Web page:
A rabbi’s race

"America's Rabbi" runs in most expensive campaign in the state.

Rabbi Shmuley Boteach 370 (photo credit: Courtesy Rabbi Shmuley Boteach)
Rabbi Shmuley Boteach 370
(photo credit: Courtesy Rabbi Shmuley Boteach)
ENGLEWOOD, New Jersey – A New Jersey congressional race deemed “not competitive enough” to have any pre-election polling is also the most expensive campaign being run in the state.
That’s the race between eight-term Democratic incumbent Bill Pascrell and political newbie, Republican and Orthodox Rabbi Shmuley Boteach, in New Jersey’s 9th Congressional District.
Boteach, considered a longshot to win the seat, received a boost from casino mogul and major Romney supporter Sheldon Adelson, who injected more than $1 million into the race to support him.
Outside a polling station in the Ahavath Torah synagogue in Englewood, – moved there due to power outages in the traditional polling place – Boteach greeted residents and cast his own vote on Tuesday morning.
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“It’s a David and Goliath battle,” said the 45-year-old father of nine, about his campaign.
“I’m the first serious Republican challenger in this district in three decades.”
Registered Democrats outnumber registered Republicans 3-1 in the 9th district, which is also home to large Jewish and Arab populations.
The rabbi said that his campaign was “adversely and severely” impacted by the effects of Hurricane Sandy, which battered the area last week.
“It affects the campaign because your campaign becomes irrelevant,” Boteach told The Jerusalem Post, “you’re trying to get votes and promote your message when there are 100 people dead.”
“We had no electricity in the house, offices, no heat, no Internet,” he said. “Our campaign was reduced to going into crowded Starbucks just begging people to plug in our phones and computers for a few minutes.”
As he stood on a street corner near the polling station, a handful of residents – including the Englewood chief of police, stopped on foot or in cars to tell Boteach they voted for him. “I hope you win,” said one. “From your mouth to God’s ears,” Boteach replied.
He told the Post that he originally decided to enter politics after former Libyan dictator Muammar Gaddafi sought, in 2009, to stay in a house next door to the rabbi in Englewood, owned by the Libyan government as a diplomatic residence.
“A murderer tried to move in next to me and I saw that I was powerless to get my city to give a damn.”
The rabbi said one of his first priorities after being elected will be to institute term limits for congressmen and senators.
“The democratic edifice of this country is in severe need of reform,” Boteach told the Post.
“Only [an average of] 15 congressional seats change hands every election – unseating an incumbent is like moving a mountain.”
“How could you have a country that fixes its problems when its elected leaders can’t be thrown out?” he asked, “When they can’t be held accountable?”
Boteach pointed to congressmen like New York City’s Charles Rangel, who has been in office for more than 40 years, as examples of elected officials that should be replaced. In 2010 Rangel was reelected with 80% of the vote, the lowest amount in his 21 elections, likely due to ethics charges against him earlier that year.
“It’s not just an issue of people staying in office too long,” Boteach said, “but Washington changes you, and you become part of the entrenched political class.”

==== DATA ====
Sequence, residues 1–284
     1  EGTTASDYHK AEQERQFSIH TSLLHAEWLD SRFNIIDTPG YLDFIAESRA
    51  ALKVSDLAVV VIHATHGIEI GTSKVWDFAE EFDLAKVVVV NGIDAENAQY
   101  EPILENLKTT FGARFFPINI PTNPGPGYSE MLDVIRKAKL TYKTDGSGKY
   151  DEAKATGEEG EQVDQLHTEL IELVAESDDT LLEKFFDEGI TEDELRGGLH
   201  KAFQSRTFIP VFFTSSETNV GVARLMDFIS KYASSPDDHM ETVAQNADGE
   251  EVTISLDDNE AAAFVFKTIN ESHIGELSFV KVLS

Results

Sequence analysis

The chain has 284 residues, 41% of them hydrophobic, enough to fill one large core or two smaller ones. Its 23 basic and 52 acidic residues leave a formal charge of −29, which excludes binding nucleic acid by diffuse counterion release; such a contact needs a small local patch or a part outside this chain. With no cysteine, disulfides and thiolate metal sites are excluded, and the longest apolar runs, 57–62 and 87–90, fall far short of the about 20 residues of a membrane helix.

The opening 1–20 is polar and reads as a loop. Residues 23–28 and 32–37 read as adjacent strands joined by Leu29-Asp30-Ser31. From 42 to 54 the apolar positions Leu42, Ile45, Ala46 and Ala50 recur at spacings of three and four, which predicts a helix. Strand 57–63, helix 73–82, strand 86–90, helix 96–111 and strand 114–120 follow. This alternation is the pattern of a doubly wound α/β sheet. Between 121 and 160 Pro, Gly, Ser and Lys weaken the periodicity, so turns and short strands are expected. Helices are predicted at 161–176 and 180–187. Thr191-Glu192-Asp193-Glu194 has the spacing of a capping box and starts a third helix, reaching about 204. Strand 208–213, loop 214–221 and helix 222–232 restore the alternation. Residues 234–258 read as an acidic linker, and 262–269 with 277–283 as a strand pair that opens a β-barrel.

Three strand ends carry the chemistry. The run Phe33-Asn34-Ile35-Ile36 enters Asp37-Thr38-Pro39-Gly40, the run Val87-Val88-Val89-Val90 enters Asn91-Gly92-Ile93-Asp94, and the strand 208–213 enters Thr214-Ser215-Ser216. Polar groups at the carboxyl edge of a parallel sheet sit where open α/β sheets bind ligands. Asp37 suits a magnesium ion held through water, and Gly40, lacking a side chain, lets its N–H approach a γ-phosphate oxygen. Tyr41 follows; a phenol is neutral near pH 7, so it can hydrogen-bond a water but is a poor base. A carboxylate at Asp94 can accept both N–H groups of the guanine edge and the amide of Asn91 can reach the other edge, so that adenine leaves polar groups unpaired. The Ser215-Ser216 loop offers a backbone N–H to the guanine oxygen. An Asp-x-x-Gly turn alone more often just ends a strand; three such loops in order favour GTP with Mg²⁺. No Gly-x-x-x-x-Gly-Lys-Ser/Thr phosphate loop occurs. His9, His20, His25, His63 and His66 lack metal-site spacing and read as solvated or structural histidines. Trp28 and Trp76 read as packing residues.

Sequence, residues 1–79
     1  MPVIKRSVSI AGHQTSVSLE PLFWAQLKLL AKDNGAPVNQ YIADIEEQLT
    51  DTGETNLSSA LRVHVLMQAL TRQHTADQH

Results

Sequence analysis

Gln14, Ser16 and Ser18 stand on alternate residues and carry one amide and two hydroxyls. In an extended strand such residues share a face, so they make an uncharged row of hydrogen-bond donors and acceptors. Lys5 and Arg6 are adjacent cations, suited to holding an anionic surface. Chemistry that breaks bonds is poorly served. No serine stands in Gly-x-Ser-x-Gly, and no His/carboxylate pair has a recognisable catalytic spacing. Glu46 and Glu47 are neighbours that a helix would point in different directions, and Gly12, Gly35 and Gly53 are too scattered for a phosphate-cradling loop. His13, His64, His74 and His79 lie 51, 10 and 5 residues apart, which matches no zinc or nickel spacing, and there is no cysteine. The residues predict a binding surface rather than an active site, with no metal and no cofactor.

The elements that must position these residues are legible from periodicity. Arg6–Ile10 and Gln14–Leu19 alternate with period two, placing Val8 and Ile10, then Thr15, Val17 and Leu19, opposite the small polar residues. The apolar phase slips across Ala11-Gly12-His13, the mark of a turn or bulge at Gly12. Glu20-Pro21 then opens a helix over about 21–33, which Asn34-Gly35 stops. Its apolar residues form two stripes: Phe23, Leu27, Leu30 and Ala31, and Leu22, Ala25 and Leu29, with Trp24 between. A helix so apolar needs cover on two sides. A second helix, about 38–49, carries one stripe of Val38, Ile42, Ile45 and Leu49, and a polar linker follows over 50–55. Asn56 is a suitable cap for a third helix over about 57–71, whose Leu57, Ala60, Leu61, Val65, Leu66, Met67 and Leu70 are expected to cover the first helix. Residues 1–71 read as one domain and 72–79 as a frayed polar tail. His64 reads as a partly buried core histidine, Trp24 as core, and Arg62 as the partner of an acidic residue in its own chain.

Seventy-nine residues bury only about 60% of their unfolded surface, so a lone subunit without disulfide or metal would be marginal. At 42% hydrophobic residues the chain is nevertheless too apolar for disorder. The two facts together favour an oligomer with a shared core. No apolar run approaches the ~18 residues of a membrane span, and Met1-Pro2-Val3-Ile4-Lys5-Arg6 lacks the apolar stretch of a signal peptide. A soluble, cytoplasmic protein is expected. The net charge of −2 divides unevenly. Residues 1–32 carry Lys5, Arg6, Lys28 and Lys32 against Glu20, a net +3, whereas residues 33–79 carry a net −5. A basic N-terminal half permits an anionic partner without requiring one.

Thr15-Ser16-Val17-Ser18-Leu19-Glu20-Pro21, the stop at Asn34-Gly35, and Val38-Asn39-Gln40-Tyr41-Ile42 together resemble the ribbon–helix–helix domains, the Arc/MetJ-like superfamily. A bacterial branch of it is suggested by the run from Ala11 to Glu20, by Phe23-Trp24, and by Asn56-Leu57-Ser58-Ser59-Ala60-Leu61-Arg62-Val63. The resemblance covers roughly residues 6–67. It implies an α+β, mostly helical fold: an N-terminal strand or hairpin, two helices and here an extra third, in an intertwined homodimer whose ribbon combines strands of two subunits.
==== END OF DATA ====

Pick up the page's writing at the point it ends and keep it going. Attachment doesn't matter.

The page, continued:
Israel has also been a wellworn point of contention between the congressional candidates.
“A lot of people were wondering whether because I’m a rabbi and Orthodox Jew and a great lover of Israel with a daughter in the [Israeli] army, whether I would make Israel a primary issue,” he said. “The truth is, it is a campaign issue, regardless of my identity.”
Boteach has criticized Pascrell both for signing a letter to Obama asking him to call for Israel to end the blockade of the Gaza Strip, and for opposing the deportation of New Jersey-based Imam Mohammad Qatanani, who has been accused of supporting Hamas. Pascrell countered that there was no proof of the accusations against Qatanani, and he would not serve as judge and jury against him.
In one of three debates between the two candidates held last month, Pascrell said his support for Israel has been clear and unflinching. “I believe in a secure Israel,” he said. “I believe in a two-state solution... Israel has a right to defend itself, but to deny some humanitarian aid to people who had nothing to do with this did not make sense to me.”
Boteach countered that the letter to Obama on Gaza was “libelous,” and that “Israel never denied food, medicine, humanitarian supplies to Gaza.”
More than $6.2 million has been spent on the race for the 9th district, according to the online NJ Spotlight, partly because of the bruising primary Pascrell ran against Democratic Rep. Steve Rothman, who chose to face his fellow incumbent after redistricting.
Boteach says he has known Adelson for years, due to both of their involvement in the Jewish community, but could not comment on his SuperPAC funding, since “whatever outside groups do we have zero coordination, zero control.”
Aside from his political career, Boteach is a well known author and lecturer, who bills himself as “America’s rabbi.”
His 1999 book Kosher Sex gained national recognition and he also had a short-lived reality TV show called Shalom in the Home as well as a muchpublicized relationship with the now-deceased singer Michael Jackson.
In a separate race, in New Jersey’s 5th Congressional District, Teaneck Deputy Mayor Adam Gussen, a Democrat and Orthodox Jew, challenged fiveterm Republican incumbent Scott Garrett. According to NJ Spotlight, $858,695 was spent in that race – only $16,304 of it by Gussen.